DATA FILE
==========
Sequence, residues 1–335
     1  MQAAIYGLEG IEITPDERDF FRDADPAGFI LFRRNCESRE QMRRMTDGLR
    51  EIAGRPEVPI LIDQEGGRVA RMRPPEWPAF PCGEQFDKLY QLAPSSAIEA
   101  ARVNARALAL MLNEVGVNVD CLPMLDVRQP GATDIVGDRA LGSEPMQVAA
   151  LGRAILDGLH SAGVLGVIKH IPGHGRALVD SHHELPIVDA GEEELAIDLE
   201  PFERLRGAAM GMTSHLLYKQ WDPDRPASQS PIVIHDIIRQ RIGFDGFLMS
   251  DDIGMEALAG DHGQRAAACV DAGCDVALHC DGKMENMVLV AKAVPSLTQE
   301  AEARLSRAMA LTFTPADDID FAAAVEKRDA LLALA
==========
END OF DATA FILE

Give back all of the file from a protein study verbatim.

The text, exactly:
Sequence, residues 1–335
     1  MQAAIYGLEG IEITPDERDF FRDADPAGFI LFRRNCESRE QMRRMTDGLR
    51  EIAGRPEVPI LIDQEGGRVA RMRPPEWPAF PCGEQFDKLY QLAPSSAIEA
   101  ARVNARALAL MLNEVGVNVD CLPMLDVRQP GATDIVGDRA LGSEPMQVAA
   151  LGRAILDGLH SAGVLGVIKH IPGHGRALVD SHHELPIVDA GEEELAIDLE
   201  PFERLRGAAM GMTSHLLYKQ WDPDRPASQS PIVIHDIIRQ RIGFDGFLMS
   251  DDIGMEALAG DHGQRAAACV DAGCDVALHC DGKMENMVLV AKAVPSLTQE
   301  AEARLSRAMA LTFTPADDID FAAAVEKRDA LLALA